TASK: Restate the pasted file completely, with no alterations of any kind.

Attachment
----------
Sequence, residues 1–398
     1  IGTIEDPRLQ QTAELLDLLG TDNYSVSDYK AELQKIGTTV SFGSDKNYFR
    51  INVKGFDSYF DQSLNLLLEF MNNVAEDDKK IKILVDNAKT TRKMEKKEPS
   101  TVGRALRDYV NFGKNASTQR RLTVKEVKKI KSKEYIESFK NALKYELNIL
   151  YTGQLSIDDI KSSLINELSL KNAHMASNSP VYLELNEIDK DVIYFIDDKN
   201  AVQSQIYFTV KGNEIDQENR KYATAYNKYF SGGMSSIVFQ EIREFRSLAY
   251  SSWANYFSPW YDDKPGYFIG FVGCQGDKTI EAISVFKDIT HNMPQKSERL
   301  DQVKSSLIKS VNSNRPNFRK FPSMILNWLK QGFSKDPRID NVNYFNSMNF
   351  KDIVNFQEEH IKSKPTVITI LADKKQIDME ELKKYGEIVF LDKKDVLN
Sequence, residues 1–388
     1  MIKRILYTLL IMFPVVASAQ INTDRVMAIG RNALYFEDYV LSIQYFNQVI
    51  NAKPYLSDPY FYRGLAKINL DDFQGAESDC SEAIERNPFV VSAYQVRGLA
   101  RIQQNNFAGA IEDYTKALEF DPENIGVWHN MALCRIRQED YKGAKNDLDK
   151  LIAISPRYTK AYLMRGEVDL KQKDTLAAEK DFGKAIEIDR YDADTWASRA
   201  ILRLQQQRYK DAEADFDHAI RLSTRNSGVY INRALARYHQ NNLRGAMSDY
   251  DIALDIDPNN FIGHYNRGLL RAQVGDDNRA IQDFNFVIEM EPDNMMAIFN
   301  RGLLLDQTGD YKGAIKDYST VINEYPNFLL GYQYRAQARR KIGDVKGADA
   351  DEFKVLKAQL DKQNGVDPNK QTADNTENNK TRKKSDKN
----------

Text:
Sequence, residues 1–398
     1  IGTIEDPRLQ QTAELLDLLG TDNYSVSDYK AELQKIGTTV SFGSDKNYFR
    51  INVKGFDSYF DQSLNLLLEF MNNVAEDDKK IKILVDNAKT TRKMEKKEPS
   101  TVGRALRDYV NFGKNASTQR RLTVKEVKKI KSKEYIESFK NALKYELNIL
   151  YTGQLSIDDI KSSLINELSL KNAHMASNSP VYLELNEIDK DVIYFIDDKN
   201  AVQSQIYFTV KGNEIDQENR KYATAYNKYF SGGMSSIVFQ EIREFRSLAY
   251  SSWANYFSPW YDDKPGYFIG FVGCQGDKTI EAISVFKDIT HNMPQKSERL
   301  DQVKSSLIKS VNSNRPNFRK FPSMILNWLK QGFSKDPRID NVNYFNSMNF
   351  KDIVNFQEEH IKSKPTVITI LADKKQIDME ELKKYGEIVF LDKKDVLN
Sequence, residues 1–388
     1  MIKRILYTLL IMFPVVASAQ INTDRVMAIG RNALYFEDYV LSIQYFNQVI
    51  NAKPYLSDPY FYRGLAKINL DDFQGAESDC SEAIERNPFV VSAYQVRGLA
   101  RIQQNNFAGA IEDYTKALEF DPENIGVWHN MALCRIRQED YKGAKNDLDK
   151  LIAISPRYTK AYLMRGEVDL KQKDTLAAEK DFGKAIEIDR YDADTWASRA
   201  ILRLQQQRYK DAEADFDHAI RLSTRNSGVY INRALARYHQ NNLRGAMSDY
   251  DIALDIDPNN FIGHYNRGLL RAQVGDDNRA IQDFNFVIEM EPDNMMAIFN
   301  RGLLLDQTGD YKGAIKDYST VINEYPNFLL GYQYRAQARR KIGDVKGADA
   351  DEFKVLKAQL DKQNGVDPNK QTADNTENNK TRKKSDKN